Resume errors can say a lot about your personality and work ethic. If you make the wrong mistake on a resume, it may cost you an interview and, therefore, a job opportunity. Certain errors send particular messages to your future employer. Try to see these mistakes from the view of the HR manager or supervisor, and understand how you come across in an error-filled resume.
A 2013 survey of business executives and hiring managers lists typos and grammatical errors as the top reason to disqualify a candidate based on the resume alone. Employers see typos as thoughtless, correctable mistakes that should not appear in the first place. If you make these careless, seemingly small errors as an employee, they may add up to huge mistakes later.
For example, if you work in IT, a typo in a line of code can take days or weeks to find and then fix. If you write regular press releases in a marketing department for a corporation, the errors go out to the public and are an affront to the image of the company itself. In accounting, a typo could lead to thousands of dollars missing.
Typos and grammatical errors peg you as someone who is sloppy and unable to pay attention to detail. Employers may not want to hire you if you display such carelessness.
A resume that lacks a professional tone or is too casual can lead to a recruiter or hiring manager believing you're naive or unprofessional. Remember, you show up at your place of employment to work and not to play, chat on the phone, text your best buddy or surf the Internet. Your professional attitude helps your employer make money; the company doesn't want to fund a 40-hour break every week.
Lack of Achievements
Failing to put any pertinent achievements on your resume shows that you lack the motivation to go above and beyond your fundamental job duties. A new employer does not want to hire someone who is average and didn't stand out from the crowd at previous positions. Make sure to include your best achievements in a career summary to let HR know what you can do.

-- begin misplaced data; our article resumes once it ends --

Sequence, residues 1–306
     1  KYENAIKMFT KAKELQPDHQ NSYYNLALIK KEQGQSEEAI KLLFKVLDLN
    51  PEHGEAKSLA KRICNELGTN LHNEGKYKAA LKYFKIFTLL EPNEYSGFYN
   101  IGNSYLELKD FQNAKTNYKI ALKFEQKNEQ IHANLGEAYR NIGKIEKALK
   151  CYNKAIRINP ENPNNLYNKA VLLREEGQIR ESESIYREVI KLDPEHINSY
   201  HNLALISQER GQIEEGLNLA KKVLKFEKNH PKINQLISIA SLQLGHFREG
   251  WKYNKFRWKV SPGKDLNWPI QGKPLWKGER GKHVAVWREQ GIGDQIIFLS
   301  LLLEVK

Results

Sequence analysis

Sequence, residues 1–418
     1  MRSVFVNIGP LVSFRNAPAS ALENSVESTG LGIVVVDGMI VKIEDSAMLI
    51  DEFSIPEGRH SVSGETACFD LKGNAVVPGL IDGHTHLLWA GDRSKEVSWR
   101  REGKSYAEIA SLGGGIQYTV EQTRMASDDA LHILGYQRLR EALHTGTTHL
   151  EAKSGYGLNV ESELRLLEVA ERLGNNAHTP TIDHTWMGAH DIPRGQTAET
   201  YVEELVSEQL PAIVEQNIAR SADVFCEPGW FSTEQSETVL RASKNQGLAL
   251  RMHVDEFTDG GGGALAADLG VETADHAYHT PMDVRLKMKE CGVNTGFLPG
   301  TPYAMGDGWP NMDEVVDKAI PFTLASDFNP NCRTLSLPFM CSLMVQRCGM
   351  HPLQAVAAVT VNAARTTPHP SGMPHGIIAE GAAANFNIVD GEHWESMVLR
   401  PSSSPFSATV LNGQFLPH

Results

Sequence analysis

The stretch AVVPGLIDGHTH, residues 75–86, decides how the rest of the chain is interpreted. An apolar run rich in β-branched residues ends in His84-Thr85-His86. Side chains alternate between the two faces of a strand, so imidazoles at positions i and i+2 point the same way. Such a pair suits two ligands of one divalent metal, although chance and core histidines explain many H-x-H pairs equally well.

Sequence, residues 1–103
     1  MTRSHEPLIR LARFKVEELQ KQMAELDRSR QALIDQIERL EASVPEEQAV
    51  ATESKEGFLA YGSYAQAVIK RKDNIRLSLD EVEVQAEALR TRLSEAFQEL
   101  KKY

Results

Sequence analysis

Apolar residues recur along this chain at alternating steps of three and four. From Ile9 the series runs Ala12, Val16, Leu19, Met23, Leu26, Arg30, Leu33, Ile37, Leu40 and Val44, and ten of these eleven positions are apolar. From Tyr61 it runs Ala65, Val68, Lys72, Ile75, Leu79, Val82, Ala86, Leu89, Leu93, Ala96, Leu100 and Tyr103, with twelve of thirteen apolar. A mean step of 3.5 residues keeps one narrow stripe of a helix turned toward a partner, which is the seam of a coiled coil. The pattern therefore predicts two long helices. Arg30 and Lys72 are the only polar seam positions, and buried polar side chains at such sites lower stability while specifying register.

Written communication may be a vital aspect of a position. At the very least, employees use email on a regular basis to communicate. If something as important as your resume is completely unreadable, lacks structure and does not make sense, your future supervisor could believe that you simply cannot communicate effectively. A lack of communication could lead to disagreements, arguments, lost time and lost productivity.
HR managers can pick out a stock resume that has no depth, tailoring or creativity. Just because your format should be professional, it doesn't mean you have to present a boring document. When you fail to tailor a resume to the job description, you show your potential employer that you lack motivation to get things done. If you cannot write a resume properly, what makes your boss think you can have a report finished accurately and on time?
You can try to alleviate job-hopping on a resume by formatting your previous employers a certain way. However, an employer who sees you as a job-hopper may determine that you bore easily or that you can't keep a position for very long. If you have a valid excuse, such as military service or a medical issue, that's not a problem. Otherwise, job-hopping does not leave a good impression on employers.
Lack of Relevant Career Theme
Most people stick to one career for several years before deciding to try something else. Your employment history could indicate a lack of focus when you start as a sales clerk in a furniture store, then shift to a hotel front desk employee and end up as car wash attendant in the span of one year. Shifting from one kind of career to another signals a lack of commitment on your part. Employers may not want to hire someone who doesn't want to stick around for very long.
Because your resume represents you as a potential employee, it's crucial to make as few mistakes on it as possible. Be accurate, concise, thorough and detailed, and run multiple checks for any typos. After that, you can knock hiring managers out with your charming personality in the interview.
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